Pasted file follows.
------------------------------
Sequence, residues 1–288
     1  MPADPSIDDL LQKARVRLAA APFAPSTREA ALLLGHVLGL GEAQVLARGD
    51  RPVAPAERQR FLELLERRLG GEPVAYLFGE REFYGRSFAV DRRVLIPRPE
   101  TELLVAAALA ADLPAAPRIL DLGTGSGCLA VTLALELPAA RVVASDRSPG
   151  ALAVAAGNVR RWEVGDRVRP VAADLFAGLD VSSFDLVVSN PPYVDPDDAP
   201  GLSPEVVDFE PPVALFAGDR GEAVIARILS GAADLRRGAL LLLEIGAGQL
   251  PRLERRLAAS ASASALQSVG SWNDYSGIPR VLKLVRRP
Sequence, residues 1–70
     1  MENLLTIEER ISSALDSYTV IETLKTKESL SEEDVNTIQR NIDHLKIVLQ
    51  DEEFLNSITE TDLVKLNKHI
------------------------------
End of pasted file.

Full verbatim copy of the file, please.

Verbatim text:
Sequence, residues 1–288
     1  MPADPSIDDL LQKARVRLAA APFAPSTREA ALLLGHVLGL GEAQVLARGD
    51  RPVAPAERQR FLELLERRLG GEPVAYLFGE REFYGRSFAV DRRVLIPRPE
   101  TELLVAAALA ADLPAAPRIL DLGTGSGCLA VTLALELPAA RVVASDRSPG
   151  ALAVAAGNVR RWEVGDRVRP VAADLFAGLD VSSFDLVVSN PPYVDPDDAP
   201  GLSPEVVDFE PPVALFAGDR GEAVIARILS GAADLRRGAL LLLEIGAGQL
   251  PRLERRLAAS ASASALQSVG SWNDYSGIPR VLKLVRRP
Sequence, residues 1–70
     1  MENLLTIEER ISSALDSYTV IETLKTKESL SEEDVNTIQR NIDHLKIVLQ
    51  DEEFLNSITE TDLVKLNKHI